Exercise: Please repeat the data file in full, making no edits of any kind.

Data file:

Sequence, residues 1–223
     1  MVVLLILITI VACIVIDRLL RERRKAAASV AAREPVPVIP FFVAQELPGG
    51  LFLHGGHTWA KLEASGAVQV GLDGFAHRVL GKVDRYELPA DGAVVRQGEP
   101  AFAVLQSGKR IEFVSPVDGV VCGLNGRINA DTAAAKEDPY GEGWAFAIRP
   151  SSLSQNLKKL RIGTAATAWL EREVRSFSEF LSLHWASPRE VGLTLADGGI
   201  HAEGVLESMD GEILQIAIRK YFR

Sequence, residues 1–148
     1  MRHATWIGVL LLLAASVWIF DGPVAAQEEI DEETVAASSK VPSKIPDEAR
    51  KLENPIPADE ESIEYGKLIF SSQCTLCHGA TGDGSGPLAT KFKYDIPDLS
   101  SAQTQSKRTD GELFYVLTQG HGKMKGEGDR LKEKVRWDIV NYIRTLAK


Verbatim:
Sequence, residues 1–223
     1  MVVLLILITI VACIVIDRLL RERRKAAASV AAREPVPVIP FFVAQELPGG
    51  LFLHGGHTWA KLEASGAVQV GLDGFAHRVL GKVDRYELPA DGAVVRQGEP
   101  AFAVLQSGKR IEFVSPVDGV VCGLNGRINA DTAAAKEDPY GEGWAFAIRP
   151  SSLSQNLKKL RIGTAATAWL EREVRSFSEF LSLHWASPRE VGLTLADGGI
   201  HAEGVLESMD GEILQIAIRK YFR

Sequence, residues 1–148
     1  MRHATWIGVL LLLAASVWIF DGPVAAQEEI DEETVAASSK VPSKIPDEAR
    51  KLENPIPADE ESIEYGKLIF SSQCTLCHGA TGDGSGPLAT KFKYDIPDLS
   101  SAQTQSKRTD GELFYVLTQG HGKMKGEGDR LKEKVRWDIV NYIRTLAK